Marfa Open welcomes artist in residence Russell Dammers during 7th annual festival

Marfa Open’s current artist in residence Russell Dammers, who is originally from New Zealand, wields an airbrush while working on a sculptural painting containing his father’s old toy horses. Photo by Mary Cantrell.

MARFA — Marfa Open, a local artist-centric creative space, will host their seventh annual festival over the next month from September 23 to October 16, featuring a number of local and visiting artists, including current artist in residence painter Russell Dammers.  

Events including musical performances, artist dinners and video projections will take place at Marfa Open this year. In addition to Dammers, other participating artists include Marcela Rodriguez, Paloma Mancha, Liv, Noah Kashinai, Efren Candaleria, Matt Nelson and Sally Lavengood. Regular hours will be 11 a.m. to 7 p.m. and event organizers are encouraging local and regional artists across all mediums and skill levels to participate. 

Dammers, who is originally from New Zealand but has been living in Chicago for four years, arrived in Marfa a couple of weeks ago, works of art stacked high in his SUV, to begin his residency at Marfa Open. Works in progress occupy his makeshift workstation, which is positioned to receive good light for the better part of the day, while fully realized works hang nearby on the gallery walls. Dammers, who is heavily influenced by the Op Art movement of the ‘60s, is currently experimenting with color and cubes, inspired by a recent trip to the grounds of the Chinati Foundation.

“The thing that’s great about a residency like this is having the time to play with stuff you don’t usually have time to,” said Dammers. 

One of the main mediums Dammers works with is a non-slip mesh material, something he first became familiar with while working a “boring” job selling carpets 20 years ago.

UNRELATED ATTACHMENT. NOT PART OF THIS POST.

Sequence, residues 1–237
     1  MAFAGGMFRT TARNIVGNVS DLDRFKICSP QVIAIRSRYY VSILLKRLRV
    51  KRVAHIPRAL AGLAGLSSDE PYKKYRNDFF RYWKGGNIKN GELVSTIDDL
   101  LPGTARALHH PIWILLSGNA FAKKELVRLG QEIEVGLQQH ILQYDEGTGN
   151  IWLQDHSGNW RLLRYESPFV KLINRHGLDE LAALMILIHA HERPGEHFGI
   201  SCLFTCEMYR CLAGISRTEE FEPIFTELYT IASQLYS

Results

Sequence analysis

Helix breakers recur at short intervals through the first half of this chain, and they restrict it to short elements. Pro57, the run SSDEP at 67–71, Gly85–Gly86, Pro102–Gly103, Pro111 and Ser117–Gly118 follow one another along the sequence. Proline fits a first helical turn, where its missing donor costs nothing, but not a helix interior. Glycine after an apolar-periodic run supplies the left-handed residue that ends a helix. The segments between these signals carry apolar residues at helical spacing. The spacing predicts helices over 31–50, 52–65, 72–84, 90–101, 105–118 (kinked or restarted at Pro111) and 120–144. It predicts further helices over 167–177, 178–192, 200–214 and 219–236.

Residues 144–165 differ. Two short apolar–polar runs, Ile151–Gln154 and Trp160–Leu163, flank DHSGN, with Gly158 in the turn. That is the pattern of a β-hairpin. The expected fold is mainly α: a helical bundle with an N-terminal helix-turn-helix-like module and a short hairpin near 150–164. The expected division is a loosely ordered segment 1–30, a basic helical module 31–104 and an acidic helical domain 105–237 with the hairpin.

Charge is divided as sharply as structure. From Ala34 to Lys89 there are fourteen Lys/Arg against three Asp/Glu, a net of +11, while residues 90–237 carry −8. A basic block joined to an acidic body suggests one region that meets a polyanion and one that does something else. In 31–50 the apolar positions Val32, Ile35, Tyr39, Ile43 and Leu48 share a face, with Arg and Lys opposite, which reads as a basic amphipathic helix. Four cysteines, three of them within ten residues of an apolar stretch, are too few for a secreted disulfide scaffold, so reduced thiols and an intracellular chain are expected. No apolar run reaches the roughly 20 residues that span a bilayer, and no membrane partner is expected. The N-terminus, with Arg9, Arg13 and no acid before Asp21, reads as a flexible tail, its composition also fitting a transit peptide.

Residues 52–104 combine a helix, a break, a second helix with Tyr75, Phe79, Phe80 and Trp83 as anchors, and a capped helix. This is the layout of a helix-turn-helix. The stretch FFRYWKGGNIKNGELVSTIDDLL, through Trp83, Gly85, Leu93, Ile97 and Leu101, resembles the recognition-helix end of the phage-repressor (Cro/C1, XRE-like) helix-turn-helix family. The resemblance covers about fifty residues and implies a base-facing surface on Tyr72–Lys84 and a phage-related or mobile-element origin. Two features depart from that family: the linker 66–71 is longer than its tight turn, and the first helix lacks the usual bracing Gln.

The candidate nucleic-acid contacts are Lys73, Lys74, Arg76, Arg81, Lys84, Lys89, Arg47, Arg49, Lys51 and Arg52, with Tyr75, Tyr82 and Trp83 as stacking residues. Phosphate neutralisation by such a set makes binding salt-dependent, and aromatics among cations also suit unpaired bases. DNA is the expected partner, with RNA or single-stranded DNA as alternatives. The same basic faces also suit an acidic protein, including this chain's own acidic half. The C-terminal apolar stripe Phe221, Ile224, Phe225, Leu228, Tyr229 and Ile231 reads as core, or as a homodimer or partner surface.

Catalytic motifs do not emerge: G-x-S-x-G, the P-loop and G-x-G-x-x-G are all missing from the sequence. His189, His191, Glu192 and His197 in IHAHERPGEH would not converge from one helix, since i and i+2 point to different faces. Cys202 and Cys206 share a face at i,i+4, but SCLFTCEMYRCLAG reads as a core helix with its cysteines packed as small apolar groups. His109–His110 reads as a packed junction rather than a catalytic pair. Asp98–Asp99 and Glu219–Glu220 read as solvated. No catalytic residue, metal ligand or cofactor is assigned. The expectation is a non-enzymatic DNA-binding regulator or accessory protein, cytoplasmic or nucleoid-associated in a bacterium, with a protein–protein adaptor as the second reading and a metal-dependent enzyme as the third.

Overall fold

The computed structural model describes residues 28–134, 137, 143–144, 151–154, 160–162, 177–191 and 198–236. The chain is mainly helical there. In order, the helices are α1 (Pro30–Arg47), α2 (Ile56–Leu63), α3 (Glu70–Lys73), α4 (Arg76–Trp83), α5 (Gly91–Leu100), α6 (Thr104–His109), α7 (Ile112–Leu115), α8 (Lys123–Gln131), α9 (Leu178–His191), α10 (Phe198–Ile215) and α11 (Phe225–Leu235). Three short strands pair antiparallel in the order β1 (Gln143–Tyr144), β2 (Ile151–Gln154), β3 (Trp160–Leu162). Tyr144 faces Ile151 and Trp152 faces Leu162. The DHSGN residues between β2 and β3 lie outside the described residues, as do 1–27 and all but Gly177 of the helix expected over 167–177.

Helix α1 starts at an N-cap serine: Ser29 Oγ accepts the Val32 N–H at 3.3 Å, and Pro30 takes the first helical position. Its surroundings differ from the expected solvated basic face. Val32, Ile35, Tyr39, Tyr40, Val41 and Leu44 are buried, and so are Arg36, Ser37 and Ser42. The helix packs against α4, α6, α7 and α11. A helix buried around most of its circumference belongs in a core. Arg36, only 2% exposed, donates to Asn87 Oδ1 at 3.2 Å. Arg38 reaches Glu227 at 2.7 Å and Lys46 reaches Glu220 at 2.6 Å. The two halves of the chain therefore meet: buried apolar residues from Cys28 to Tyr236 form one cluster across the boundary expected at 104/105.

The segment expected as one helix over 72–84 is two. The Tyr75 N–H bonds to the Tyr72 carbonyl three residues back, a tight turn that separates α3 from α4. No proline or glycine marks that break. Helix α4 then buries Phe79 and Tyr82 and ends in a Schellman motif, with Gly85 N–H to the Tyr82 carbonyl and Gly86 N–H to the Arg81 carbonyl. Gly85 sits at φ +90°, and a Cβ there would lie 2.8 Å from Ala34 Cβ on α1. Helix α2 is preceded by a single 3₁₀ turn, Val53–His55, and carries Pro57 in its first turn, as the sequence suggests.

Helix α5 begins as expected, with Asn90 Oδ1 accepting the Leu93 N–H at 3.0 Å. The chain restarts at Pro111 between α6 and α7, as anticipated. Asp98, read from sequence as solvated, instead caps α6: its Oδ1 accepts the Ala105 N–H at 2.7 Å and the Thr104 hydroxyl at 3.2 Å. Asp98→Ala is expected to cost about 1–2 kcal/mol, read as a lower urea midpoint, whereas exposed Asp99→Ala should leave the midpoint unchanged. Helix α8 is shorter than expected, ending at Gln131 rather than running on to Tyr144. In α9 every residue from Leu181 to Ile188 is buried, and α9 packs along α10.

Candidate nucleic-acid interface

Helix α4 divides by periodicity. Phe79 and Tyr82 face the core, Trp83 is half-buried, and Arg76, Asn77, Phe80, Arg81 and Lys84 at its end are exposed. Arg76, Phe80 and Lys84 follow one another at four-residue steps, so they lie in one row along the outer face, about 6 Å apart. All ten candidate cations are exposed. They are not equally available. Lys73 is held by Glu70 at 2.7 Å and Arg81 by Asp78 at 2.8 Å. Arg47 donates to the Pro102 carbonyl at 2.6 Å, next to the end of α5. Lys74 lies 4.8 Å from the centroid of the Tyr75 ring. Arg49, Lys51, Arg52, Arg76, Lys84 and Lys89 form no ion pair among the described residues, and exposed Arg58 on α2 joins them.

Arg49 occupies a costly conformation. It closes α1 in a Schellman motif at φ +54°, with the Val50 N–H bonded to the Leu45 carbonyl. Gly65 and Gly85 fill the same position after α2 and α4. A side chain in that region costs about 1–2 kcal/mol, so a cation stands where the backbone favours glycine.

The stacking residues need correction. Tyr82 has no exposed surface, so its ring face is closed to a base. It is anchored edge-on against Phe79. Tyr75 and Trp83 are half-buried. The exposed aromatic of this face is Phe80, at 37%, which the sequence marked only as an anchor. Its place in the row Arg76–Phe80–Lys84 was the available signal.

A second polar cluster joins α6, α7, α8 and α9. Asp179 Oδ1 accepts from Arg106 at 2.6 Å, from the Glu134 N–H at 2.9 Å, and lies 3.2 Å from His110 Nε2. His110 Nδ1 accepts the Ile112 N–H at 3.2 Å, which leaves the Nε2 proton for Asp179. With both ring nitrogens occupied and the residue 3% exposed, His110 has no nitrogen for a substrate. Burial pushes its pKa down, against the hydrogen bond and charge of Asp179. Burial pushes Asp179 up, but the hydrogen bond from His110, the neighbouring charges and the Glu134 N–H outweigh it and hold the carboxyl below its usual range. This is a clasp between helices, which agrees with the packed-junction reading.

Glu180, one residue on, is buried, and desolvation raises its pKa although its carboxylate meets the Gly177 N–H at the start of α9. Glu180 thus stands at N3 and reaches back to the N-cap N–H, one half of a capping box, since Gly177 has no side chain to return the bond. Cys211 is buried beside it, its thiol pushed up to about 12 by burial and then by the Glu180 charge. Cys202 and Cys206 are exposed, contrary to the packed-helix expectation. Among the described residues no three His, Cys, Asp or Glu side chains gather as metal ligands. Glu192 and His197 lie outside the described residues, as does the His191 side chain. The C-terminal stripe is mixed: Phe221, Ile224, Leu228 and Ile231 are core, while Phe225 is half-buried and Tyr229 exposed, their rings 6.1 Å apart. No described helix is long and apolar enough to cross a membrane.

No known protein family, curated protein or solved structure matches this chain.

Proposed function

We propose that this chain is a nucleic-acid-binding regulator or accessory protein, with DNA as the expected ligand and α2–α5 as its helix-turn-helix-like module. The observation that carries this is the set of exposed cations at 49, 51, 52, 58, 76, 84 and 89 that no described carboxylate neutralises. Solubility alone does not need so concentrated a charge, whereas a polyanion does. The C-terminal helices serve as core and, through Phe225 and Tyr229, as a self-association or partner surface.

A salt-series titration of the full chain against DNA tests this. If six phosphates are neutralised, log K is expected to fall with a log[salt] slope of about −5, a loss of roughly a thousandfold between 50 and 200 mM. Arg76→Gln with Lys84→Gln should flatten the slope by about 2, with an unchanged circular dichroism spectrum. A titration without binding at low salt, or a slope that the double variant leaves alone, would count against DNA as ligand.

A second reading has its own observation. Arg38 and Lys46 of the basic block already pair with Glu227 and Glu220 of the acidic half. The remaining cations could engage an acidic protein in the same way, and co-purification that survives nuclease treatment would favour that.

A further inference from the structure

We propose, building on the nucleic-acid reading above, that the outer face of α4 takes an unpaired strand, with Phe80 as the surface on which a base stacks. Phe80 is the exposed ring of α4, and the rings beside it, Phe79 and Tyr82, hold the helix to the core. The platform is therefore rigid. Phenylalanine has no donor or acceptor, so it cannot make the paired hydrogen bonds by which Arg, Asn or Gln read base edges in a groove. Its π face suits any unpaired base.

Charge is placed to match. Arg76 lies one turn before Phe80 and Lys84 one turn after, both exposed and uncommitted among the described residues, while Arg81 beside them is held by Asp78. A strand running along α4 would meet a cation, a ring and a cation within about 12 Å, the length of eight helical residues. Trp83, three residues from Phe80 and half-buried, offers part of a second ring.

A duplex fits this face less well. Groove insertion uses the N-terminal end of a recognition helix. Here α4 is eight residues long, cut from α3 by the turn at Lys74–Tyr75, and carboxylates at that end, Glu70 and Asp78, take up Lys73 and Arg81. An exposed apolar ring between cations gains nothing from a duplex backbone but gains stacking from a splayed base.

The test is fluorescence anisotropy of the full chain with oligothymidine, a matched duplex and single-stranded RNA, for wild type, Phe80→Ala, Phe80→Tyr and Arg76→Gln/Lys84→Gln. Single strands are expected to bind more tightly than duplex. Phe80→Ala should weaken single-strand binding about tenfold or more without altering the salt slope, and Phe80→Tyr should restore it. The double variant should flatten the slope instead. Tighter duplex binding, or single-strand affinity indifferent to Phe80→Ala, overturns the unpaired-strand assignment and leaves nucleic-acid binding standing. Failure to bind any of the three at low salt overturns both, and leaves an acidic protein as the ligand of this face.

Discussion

“I was just looking at it and I thought, ‘Oh, I could use that.’ So I took some home and I started pushing paint through it,” said Dammers. 

Using the mesh as a vehicle for acrylic paint, Dammers creates textural surfaces in his paintings, which, as of late, also incorporate geometric shapes and airbrushing. He said utilizing otherwise traditionally commercial tools like the mesh and an airbrush to make art has come naturally to him. 

“I definitely like making art out of things I find and everyday materials … everything’s a potential art supply or surface to paint on to me. Everything’s a tool basically. Some of its commercial stuff. I’ll use kitchen spoons and things to flick paint,” said Dammers. 

The grid-like pattern of his signature mesh material and the way Dammers has recently been layering colors behind the mesh onto the wall or canvas gives his black and white works a vibrating quality. Another technique Dammers utilizes to imbue his paintings with movement is airbrushing the acrylic surfaces created by pushing the paint through the mesh. By airbrushing one side of the dried paint drips yellow and the opposing side blue, it allows the color of a work to change depending on the angle at which it is viewed. 

“That’s why you get so much movement when you walk past — it kind of makes it like a sculpture. It brings time into it and movement rather than being a flat 2D object,” said Dammers. 

Another 2D work which takes on a 3D quality is Dammers’ 10-by-7-foot mesh creation which hangs, almost like a tapestry, on a prominent gallery wall. 

“It’s fun to come off a canvas stretcher and be a bit more free,” said Dammers. 

The 3D quality of the work comes from a few strategic cut outs to the edges of the material which help further define geometric shapes painted onto the mesh and the light airbrushing of blue, pink and gold accents. 

“I love working around the color wheel. I like a really simple color palette and complicating it through movement,” said Dammers. 

Dammers plans to have around 40 works on view during the Marfa Open art festival and will also have a show after the festival, running until November 4, with sculptor Noah Kashinai. The opportunity to make work within a landscape he finds energizing is valuable and gets back to the roots of why he makes art — something that has been at the forefront of his mind as of late. 

“Everything kind of changed in the pandemic, and I definitely realized I do this for me. Because when we couldn’t show in galleries, it was like, ‘Oh, this is keeping me sane,’” said Dammers.

He said he’s looking forward to mingling with more creatives throughout the Marfa Open festival and so far has felt very welcomed into the local community. He even plans to stick around after his residency is over. 

“[Marfa’s] kind of like a mecca for interesting people in the arts. The fact that I showed up with a bunch of art and I’m making work, there’s automatic acceptance in the community.” 

For more information, visit or follow @MarfaOpen on Instagram.